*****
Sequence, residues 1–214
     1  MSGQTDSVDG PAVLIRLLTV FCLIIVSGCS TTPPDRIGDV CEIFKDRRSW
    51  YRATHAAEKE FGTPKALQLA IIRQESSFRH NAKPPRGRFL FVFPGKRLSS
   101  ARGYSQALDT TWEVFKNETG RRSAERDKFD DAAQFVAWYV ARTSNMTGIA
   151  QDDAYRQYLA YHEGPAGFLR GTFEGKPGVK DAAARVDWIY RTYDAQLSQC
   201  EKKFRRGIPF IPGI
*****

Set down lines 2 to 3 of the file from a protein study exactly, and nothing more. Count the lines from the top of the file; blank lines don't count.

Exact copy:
     1  MSGQTDSVDG PAVLIRLLTV FCLIIVSGCS TTPPDRIGDV CEIFKDRRSW
    51  YRATHAAEKE FGTPKALQLA IIRQESSFRH NAKPPRGRFL FVFPGKRLSS